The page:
Dudley Bernard was an agriculture specialist who oversaw the Houston Seaport environment. Chauntelle Bernard was a supervisor CBP officer in Houston, according to a CBP statement.

“No words can express the sense of loss SCBPO Bernard’s death brings to her colleagues and friends in CBP,” a CBP spokesperson said.

Former FBI Lawyer Lisa Page Breaks Silence Following Trump’s Repeated Ridicule

Lisa Page, via social media.

By Steve Neavling

ticklethewire.com

Former FBI attorney Lisa Page says she’s “done being quiet.”

Page had been silent since she made national headlines two years ago over anti-Trump texts she exchanged with Peter Strzok, the former head of counterintelligence with whom she had been having an affair.

The 39-year-old, who left the FBI in May 2018, broke her silence in a wide-ranging interview with the Daily Beast.

“I had stayed quiet for years hoping it would fade away, but instead it got worse,” Page said. “It had been so hard not to defend myself, to let people who hate me control the narrative. I decided to take my power back.”

Page said she decided to speak out after Trump repeatedly mocked her in tweets and at a campaign rally in Minneapolis in October, when the president read Page’s texts messages with Strzok in a degrading tone.

“Honestly, his demeaning fake orgasm was really the straw that broke the camel’s back,” Page said.

Page described Trump’s mocking as “sickening.”

“It’s like being punched in the gut. My heart drops to my stomach when I realize he has tweeted about me again,” she said. “The president of the United States is calling me names to the entire world. He’s demeaning me and my career. It’s sickening.”

Page said the ridicule has changed her life.

“Like, when somebody makes eye contact with me on the Metro, I kind of wince, wondering if it’s because they recognize me, or are they just scanning the train like people do? It’s immediately a question of friend or foe?” she said.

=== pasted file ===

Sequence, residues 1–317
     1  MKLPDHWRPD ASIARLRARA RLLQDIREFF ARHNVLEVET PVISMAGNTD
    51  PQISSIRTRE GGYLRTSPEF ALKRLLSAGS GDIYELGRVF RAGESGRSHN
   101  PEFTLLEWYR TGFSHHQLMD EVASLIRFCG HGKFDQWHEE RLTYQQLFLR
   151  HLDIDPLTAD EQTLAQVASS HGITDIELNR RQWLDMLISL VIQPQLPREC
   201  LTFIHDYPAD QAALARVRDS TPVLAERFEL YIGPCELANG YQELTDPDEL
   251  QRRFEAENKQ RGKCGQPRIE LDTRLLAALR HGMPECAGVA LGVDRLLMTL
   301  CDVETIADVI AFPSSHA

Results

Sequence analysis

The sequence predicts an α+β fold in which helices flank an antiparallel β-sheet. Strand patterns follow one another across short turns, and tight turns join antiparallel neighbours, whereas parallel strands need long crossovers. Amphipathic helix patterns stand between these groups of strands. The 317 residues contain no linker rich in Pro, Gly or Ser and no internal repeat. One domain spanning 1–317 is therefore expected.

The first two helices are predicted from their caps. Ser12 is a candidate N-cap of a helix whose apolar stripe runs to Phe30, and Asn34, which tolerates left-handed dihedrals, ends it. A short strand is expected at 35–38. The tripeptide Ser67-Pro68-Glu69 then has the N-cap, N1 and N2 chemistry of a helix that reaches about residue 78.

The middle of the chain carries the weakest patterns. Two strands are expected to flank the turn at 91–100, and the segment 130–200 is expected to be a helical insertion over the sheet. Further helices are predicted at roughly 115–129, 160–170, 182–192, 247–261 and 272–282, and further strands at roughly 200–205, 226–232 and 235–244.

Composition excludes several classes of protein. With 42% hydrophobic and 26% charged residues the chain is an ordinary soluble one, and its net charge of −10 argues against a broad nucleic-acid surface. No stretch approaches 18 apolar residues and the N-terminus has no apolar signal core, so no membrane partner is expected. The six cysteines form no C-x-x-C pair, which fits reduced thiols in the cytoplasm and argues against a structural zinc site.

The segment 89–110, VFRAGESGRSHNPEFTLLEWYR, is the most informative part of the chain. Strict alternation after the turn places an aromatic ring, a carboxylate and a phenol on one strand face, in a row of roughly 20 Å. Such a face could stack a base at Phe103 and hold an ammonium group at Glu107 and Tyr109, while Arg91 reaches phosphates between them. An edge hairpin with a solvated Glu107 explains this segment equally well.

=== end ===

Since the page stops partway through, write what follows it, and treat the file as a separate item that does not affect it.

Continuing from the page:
“Or if I’m walking down the street or shopping and there’s somebody wearing Trump gear or a MAGA hat, I’ll walk the other way or try to put some distance between us because I’m not looking for conflict. Really, what I wanted most in this world is my life back.”

ATF’s Scott Sweetow Retires as Acting Director of the Terrorist Explosive Device Analytical Center

Scott Sweetow

By Allan Lengel
ticklethewire.com

Scott Sweetow, the acting director of the Terrorist Explosive Device Analytical Center (TEDAC), retired Saturday after more than 29 years as a special agent with ATF.

Sweetow says he plans to run a private consulting firm based in Alabama specializing in explosives related counterterrorism and helping multinational companies identify terrorism indicators and pre-attack indicators.

“I will also be making myself available as an on air or print for media to comment on events in my wheelhouse, ” he tells ticklethewire.com.

Additionally, he’ll be doing international training for the State Department’s Global Anti-Terrorism Assistance  program overseas.

Sweetow, a long-serving senior executive with ATF and a former deputy assistant director for intelligence and special agent in charge, became the deputy director of TEDAC in January 2016, and became its acting director in May 2019.

It was the first time that the FBI, who leads the TEDAC, ever had an ATF senior executive assume such a long-term key leadership role.

Sweetow started with ATF in 1990 in Los Angeles and spent several years working in the Arson and Explosives group. He served as a Certified Explosives Specialist. And he was part of ATF’s National Response Team, which investigated high-profile crimes including the Oklahoma City bombing and the Centennial Olympic Park bombings.

TEDAC’s mission is to exploit IED information and material to produce actionable intelligence to protect the United States and its international partners from terrorist attacks, according to the FBI. TEDAC is part of the FBI Laboratory system, and operates primarily from its headquarters in Huntsville, Ala., as part of the FBI’s continuing expansion in the area.

The replacement director of TEDAC, an FBI senior executive, will be report in the coming days.  Sweetow’s ATF replacement is expected to report in early 2020.